Greetings patent world. A very, very, important case relating to software has again made its way to the Supreme Court for decision. The United States Court of Appeals for the Federal Circuit (CAFC) badly muffed their chance to clearly set forth what thresholds should be implemented for software patentability and the Supreme Court now must step into the breach. Good thing too; but, not without lots of anxious handwringing on the part of true believers in the patent system who favor its worthwhile and broad applicability. Hence; this series of open letters/articles written for consumption by the Justices and their clerks as a primer for this case.
I know— it is presumptuous on my part that this would have any influence, but these pages are an important forum to air out these issues. If we can do this in a non-hysterical erudite fashion, these pages will be read and help inform on this issue. No doubt, every person with a dog/pup/minnow/free electron in this fight will file amici. Too bad they cannot all receive the same level of attention as the effort they take to write, but such are the practicable limits of time and comprehension of those who will make and write the decisions. My hope here is to write about this topic in a way that is both engaging and elucidating.
In the beginning… seriously we need to go back that far to bring perspective to the issues. Business methods were always thought to be outside what was patent eligible in the U.S. The historic practice of crony capitalism based on “patents” granted by the Crown made these business practice monopolies not something that would be useful or even acceptable to the then new U.S. The Constitution simply confined the patent system to the ”useful arts”. On occasion, various Supreme Court decisions have referenced the antipathy to monopolies that undergirds their thinking as to patents and what ought to be in or out on the patent eligibility front. This sidelining of business methods was fairly easily implemented right up until the digital revolution.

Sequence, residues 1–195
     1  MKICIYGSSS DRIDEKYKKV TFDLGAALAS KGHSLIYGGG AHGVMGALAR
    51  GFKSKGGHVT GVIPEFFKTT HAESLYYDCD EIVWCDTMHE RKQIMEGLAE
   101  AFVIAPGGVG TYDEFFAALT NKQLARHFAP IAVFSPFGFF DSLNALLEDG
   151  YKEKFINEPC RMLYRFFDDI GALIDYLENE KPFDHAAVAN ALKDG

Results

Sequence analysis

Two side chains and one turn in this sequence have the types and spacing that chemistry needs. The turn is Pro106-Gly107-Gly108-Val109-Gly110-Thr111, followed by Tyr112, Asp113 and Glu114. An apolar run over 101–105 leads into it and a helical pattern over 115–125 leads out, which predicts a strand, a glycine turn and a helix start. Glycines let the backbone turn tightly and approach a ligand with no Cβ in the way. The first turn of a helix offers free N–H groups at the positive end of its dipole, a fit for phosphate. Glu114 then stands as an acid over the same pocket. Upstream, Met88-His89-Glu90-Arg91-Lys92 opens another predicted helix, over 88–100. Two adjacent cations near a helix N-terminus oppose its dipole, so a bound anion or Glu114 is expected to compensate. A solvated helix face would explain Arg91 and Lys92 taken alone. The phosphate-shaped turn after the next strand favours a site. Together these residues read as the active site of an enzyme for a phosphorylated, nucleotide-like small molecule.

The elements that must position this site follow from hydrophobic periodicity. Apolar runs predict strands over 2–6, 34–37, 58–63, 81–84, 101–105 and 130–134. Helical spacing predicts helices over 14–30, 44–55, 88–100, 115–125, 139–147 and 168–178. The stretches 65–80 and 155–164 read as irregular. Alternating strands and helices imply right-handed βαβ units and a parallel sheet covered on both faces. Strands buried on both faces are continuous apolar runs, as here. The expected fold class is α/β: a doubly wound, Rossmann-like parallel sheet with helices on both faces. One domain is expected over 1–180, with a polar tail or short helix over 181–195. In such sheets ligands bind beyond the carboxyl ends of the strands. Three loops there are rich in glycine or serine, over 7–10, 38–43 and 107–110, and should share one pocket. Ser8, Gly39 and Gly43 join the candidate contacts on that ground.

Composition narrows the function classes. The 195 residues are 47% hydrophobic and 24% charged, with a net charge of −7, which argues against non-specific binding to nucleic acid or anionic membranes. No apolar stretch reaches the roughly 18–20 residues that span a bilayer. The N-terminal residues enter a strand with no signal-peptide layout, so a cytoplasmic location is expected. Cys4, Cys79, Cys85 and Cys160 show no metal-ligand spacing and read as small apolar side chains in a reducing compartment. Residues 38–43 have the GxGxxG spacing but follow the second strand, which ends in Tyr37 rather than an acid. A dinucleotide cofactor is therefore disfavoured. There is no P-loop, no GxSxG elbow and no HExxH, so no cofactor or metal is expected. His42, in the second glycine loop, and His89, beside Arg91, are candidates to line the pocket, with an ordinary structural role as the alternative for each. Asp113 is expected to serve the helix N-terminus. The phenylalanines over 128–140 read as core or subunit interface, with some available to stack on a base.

Recently it has come to my attention that there is a WikiHow page titled How to Study for the Patent Bar. I have been teaching a patent bar review course for the Practicing Law Institute since 2000, so I am something of an expert on the patent bar examination. I know a thing or two about how aspiring patent practitioners can and should proceed to study for the exam. I can tell you definitively that if you follow this Wiki advice you are guaranteed to fail!
The other principle lecturer in the PLI patent bar review course, and course creator, John White, put it like this: “If a person really follows this advice, they will be our student after 2-3 failed attempts. They will also be an emotional confused confidence lacking wreck!”
Hopefully we have your attention. You absolutely must be very careful when choosing which advice to follow. While free resources are tempting because the price is right, relying on what is free is a recipe for disaster on the patent exam.
We just wrapped up our last live Patent Bar Review Course for 2012. We were in San Francisco for the past few days, once again teaching a room of would-be patent attorneys and patent agents. This group now has the task of studying the Phase 2 implementation of the America Inventors Act, which went into effect on September 16, 2012 and started to be tested on October 2, 2012.